The Persistence of Magical Thinking: Techno-speculation Goes After the Global South
It has been an instructive few weeks. The implosion of Silicon Valley Bank (SVB), the creditor to the region’s many start-ups, signals a larger crisis in the making. Market actors are keenly tracking the incident, whose ripple effects are already being felt across the larger finance world. The SVB episode, which coincides with a brutal spate of layoffs within Big Tech ranks and their emulators sheds light on something many have not considered: that a critical motor driving Tech’s dynamism in recent years was an ‘easy money’, low-interest rate financial climate.
The bitter learnings from the 2008 financial crisis, combined with the institutional backing that the sector continues to command, have of course prompted rapid response and firefighting by the US government and Federal Reserve. This will perhaps go some way in mitigating the crisis. But the headwinds of change clearly point to further turmoil and a tightening fiscal environment, one that is less forgiving of excess and speculation, hallmarks of the tech sector.
So, is it curtains down for the era of magical thinking in digital capitalism?
Yes and no. Despite some acknowledgment of tech exceptionalism having run its course and the Global North working overtime to insulate itself from the aftermath, wild digital gambles — hatched in more permissive days — continue apace in the Global South. This month, our issue focusses on such projects and their local implications. Our first piece analyzes the investor push to give crypto a second lease of life by targeting political, social, and economic vulnerabilities in Africa. In our second piece, we engage with the specter of the largely defunct smart city narrative and the complex politics of digitalization, urbanism, and displacement in Kolkata.
The DataSyn Team
THE BIG EXCESS
Crypto Imperialism and Financial Inclusion in Africa
Whatever happened to web3 evangelists in the wake of the recent scandals and turmoil within the space? It seems they are still hard at work, finding avenues and rhetorical strategies to redeem their brand. Olivier Jutel critically surveys the crypto-discourse as it surges through Africa, posturing itself, ironically, as an antidote to ‘financial colonialism’.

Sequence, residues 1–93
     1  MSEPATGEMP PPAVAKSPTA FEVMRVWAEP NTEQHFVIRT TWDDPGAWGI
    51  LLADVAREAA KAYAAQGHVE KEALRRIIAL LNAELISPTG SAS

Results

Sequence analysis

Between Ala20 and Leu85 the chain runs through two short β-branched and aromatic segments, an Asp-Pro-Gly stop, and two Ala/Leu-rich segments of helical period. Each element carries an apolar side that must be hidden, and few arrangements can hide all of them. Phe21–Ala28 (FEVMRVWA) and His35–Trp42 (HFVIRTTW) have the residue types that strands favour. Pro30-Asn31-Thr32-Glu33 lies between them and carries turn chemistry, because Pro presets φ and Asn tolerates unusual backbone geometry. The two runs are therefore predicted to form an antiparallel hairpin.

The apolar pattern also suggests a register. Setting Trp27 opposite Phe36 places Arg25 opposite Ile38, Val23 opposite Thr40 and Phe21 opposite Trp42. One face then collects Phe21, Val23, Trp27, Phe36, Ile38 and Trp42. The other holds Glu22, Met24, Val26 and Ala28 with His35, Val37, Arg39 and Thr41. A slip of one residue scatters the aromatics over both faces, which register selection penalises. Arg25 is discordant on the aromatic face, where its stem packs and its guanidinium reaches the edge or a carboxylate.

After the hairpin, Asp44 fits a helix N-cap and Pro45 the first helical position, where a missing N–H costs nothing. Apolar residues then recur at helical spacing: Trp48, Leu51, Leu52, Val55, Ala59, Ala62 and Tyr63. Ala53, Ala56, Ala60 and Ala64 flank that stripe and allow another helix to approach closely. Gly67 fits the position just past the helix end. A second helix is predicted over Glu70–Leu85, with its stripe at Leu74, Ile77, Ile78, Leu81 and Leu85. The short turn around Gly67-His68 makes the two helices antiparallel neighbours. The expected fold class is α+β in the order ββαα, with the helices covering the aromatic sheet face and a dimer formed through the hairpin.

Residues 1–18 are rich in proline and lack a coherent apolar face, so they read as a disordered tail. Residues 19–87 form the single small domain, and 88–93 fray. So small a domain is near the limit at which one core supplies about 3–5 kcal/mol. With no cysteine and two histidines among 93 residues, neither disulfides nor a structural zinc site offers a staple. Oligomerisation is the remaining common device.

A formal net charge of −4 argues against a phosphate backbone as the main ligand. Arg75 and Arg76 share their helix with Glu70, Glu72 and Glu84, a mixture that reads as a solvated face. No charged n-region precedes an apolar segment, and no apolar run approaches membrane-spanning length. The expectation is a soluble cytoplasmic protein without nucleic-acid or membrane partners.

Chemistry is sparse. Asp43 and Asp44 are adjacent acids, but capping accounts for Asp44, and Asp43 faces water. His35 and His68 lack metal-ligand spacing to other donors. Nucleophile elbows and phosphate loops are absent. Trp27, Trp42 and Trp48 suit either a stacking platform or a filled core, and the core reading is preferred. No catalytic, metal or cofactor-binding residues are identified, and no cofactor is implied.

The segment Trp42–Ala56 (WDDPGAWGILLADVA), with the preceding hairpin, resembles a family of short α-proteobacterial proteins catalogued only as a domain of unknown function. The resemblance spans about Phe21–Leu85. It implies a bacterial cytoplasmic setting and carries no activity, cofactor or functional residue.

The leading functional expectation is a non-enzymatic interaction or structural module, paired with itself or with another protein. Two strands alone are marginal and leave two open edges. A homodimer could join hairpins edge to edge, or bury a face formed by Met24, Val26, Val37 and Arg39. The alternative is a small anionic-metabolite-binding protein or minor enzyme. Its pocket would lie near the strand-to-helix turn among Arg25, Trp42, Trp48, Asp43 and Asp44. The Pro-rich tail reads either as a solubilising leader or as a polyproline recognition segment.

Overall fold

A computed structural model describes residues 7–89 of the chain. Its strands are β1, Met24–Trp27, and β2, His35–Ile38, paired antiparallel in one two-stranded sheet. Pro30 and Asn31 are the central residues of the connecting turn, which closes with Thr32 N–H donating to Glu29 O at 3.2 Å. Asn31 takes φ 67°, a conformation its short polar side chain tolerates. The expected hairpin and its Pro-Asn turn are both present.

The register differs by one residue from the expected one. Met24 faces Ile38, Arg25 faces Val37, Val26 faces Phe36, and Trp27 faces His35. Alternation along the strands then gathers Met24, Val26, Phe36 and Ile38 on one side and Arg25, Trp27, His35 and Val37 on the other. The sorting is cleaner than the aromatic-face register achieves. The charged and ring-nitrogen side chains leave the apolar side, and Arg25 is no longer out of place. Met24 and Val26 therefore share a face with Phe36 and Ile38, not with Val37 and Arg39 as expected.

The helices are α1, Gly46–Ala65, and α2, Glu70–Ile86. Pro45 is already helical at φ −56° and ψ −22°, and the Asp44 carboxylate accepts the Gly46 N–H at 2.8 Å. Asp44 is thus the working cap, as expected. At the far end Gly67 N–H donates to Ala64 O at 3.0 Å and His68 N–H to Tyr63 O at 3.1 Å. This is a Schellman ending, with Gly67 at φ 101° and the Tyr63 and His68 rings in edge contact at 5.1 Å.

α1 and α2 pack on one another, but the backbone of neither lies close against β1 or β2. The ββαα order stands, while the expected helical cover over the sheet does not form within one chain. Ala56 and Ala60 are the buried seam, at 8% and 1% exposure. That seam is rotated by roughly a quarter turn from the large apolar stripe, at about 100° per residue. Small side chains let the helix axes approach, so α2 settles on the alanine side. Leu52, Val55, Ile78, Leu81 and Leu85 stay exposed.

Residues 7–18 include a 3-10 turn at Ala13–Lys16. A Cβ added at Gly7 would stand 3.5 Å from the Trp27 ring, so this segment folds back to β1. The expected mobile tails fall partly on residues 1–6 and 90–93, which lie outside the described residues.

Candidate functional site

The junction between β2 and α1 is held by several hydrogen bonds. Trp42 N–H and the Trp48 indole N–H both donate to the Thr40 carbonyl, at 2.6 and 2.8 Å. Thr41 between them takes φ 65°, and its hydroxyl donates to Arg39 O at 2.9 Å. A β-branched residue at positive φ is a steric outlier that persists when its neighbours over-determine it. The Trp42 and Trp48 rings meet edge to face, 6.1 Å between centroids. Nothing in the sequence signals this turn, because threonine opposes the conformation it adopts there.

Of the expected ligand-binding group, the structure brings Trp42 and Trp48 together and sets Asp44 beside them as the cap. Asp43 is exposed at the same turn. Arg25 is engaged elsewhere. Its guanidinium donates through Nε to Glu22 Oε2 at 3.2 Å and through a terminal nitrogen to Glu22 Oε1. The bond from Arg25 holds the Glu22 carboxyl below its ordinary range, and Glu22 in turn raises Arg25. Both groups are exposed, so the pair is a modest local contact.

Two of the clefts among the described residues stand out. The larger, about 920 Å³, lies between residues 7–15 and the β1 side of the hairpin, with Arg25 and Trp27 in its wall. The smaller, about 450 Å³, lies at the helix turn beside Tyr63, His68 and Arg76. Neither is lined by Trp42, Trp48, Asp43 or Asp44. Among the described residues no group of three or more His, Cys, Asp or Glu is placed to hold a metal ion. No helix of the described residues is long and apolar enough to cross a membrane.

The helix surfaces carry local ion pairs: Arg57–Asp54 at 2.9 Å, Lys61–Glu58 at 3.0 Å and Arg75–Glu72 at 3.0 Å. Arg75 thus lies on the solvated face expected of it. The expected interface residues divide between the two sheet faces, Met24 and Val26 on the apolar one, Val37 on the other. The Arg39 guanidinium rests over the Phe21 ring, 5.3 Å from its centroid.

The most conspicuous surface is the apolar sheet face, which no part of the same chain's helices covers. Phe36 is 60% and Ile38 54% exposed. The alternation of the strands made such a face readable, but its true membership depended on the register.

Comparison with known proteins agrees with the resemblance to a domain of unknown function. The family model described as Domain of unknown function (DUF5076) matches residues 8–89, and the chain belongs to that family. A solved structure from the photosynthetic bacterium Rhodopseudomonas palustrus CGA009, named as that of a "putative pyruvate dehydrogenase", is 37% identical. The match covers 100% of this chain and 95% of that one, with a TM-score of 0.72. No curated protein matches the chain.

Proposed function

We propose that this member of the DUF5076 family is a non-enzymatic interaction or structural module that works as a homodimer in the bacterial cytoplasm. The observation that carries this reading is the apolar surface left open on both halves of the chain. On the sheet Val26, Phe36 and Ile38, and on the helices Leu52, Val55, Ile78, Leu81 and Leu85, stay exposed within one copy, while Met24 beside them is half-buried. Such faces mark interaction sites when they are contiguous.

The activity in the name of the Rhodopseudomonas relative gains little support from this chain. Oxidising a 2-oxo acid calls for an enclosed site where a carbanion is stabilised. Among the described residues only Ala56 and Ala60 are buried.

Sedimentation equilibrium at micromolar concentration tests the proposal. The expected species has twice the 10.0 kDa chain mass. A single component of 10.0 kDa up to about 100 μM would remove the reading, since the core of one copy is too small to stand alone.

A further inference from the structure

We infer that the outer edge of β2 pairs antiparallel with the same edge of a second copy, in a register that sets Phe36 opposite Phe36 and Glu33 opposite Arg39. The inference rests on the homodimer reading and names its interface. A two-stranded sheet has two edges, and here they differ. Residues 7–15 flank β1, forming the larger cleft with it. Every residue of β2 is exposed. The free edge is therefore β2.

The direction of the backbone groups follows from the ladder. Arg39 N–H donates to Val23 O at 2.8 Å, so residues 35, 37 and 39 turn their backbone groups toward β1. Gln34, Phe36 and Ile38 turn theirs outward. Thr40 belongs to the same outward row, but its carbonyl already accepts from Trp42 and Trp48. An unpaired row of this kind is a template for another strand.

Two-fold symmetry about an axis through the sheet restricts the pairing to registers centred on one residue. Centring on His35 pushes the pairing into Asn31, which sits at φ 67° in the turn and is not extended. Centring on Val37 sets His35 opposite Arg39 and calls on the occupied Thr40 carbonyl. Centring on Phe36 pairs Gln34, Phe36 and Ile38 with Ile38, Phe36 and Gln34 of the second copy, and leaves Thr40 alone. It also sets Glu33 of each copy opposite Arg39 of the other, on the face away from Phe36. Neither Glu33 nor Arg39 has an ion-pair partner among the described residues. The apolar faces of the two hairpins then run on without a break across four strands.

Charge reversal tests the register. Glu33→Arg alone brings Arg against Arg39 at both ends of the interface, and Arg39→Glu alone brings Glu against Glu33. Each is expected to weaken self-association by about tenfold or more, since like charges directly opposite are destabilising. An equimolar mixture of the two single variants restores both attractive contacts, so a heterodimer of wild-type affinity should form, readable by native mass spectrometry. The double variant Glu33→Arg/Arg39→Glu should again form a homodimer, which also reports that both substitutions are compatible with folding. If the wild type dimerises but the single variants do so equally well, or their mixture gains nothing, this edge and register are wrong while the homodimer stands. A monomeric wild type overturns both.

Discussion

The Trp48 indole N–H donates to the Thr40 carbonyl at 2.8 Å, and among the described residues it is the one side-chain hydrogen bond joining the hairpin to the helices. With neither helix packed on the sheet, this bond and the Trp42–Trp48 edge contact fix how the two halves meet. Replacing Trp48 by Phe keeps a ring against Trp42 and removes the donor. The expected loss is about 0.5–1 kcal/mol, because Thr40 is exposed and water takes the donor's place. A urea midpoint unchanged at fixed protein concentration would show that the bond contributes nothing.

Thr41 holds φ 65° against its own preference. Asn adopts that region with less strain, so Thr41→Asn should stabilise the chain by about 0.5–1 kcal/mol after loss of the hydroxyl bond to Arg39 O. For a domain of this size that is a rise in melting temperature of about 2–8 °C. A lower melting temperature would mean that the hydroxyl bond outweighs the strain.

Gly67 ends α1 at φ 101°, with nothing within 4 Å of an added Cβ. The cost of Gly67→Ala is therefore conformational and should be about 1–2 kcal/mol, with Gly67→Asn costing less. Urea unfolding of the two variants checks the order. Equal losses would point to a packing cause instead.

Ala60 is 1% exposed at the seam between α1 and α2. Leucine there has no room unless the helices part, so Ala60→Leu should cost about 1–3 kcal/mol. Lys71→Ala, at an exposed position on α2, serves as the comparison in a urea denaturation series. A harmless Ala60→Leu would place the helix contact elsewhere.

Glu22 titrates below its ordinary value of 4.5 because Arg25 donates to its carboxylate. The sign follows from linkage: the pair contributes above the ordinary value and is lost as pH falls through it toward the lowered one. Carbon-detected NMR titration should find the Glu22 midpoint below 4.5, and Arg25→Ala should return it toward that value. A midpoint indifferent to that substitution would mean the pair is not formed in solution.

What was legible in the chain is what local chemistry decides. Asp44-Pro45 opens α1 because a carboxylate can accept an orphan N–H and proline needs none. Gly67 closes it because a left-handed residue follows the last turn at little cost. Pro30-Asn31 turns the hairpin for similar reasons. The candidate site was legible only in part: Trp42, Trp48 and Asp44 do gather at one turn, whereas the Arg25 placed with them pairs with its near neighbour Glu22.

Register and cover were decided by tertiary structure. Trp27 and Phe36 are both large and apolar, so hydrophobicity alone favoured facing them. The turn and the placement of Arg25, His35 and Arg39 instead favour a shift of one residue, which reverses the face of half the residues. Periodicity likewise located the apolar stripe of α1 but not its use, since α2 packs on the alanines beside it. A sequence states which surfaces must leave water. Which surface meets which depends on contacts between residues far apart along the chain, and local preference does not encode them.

THE NEW DIVERGENCE
From Land to Data: Value-extraction in Smart Cities
Smart cities have long been held up as an approaching hallmark of our utopian digital future. Yet the dynamics at work in these sites of urban enhancement portend something much darker. Drawing on a case study of New Town Kolkata, Ilia Antenucci unpacks the entangled forms of extractavism that are playing out within the smart city nexus.
The Sins & Synergies Lounge
Silicon Valley Bank’s plummet is the second biggest bank collapse in US history, and it was all centered around Tech. What caused it? How much contagion is it likely to unleash? What are the measures being taken to deal with it? Listen in as Adam Tooze unpacks what we know so far.
The recent banking crisis is only the most recent in a spate of significant blows to the global tech industry over the last year. For a comprehensive overview of these challenges, check out Rest of World’s statistical portrait of the industry’s growing woes.
What are the underlying costs to nature, labor and society as Big Tech’s growing stranglehold on the digital economy ossifies? For an idea, we highly recommend TNI’s 2023 ‘State of Power’ Compendium that focuses this year on the theme of ‘digital power’.
As this year’s UN Commission on the Status of Women (CSW67) draws to a close, take a look at one of the milestone interventions from the proceedings, Development Alternatives with Women for a New Era (DAWN) and IT for Change’s recently released ‘Declaration of Feminist Digital Justice’.
What are the ways in which the state ends up aiding and abetting forms of techno-imperialism and extractivist dynamics in the developing world? Ulises Meijas reflects on these patterns of collusion and potential strategies to challenge them.
There is a great deal to worry about with respect to digitally managed ‘fast fashion’ supply chains that enable today’s ultra-low cost garments. Read this piece from WIRED that unpacks the dangerous costs underlying the business model of perhaps the biggest of such companies - the Chinese giant Shein.
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